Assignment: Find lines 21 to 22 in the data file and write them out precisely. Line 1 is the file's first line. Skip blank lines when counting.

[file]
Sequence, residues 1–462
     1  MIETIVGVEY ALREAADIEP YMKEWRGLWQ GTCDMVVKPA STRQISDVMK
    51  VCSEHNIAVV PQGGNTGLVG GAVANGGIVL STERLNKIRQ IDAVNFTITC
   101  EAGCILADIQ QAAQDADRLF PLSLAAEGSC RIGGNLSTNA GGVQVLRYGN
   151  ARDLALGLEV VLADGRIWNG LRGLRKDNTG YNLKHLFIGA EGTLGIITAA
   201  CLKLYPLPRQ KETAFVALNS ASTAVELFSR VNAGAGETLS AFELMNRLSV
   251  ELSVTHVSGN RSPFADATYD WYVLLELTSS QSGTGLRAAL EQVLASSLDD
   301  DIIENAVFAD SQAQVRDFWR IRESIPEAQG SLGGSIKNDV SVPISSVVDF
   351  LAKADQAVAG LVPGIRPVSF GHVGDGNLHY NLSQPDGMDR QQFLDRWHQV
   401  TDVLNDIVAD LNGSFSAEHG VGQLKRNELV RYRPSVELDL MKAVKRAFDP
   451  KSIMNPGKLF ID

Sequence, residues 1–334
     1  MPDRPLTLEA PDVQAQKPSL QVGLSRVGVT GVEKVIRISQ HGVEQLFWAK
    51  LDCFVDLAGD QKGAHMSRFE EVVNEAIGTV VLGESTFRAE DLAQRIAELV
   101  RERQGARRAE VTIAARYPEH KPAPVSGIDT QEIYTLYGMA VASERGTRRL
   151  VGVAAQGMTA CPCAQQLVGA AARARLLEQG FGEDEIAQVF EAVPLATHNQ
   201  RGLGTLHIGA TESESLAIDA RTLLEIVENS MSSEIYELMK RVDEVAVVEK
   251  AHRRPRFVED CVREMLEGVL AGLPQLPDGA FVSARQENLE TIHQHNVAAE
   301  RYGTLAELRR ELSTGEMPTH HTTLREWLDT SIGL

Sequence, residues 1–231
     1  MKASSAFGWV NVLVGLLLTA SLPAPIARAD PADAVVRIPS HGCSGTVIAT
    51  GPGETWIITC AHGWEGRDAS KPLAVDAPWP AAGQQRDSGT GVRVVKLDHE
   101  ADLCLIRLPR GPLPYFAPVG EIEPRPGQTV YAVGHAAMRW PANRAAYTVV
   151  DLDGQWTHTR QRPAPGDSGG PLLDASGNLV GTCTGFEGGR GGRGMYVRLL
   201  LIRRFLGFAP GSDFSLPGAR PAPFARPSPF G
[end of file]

     1  MKASSAFGWV NVLVGLLLTA SLPAPIARAD PADAVVRIPS HGCSGTVIAT
    51  GPGETWIITC AHGWEGRDAS KPLAVDAPWP AAGQQRDSGT GVRVVKLDHE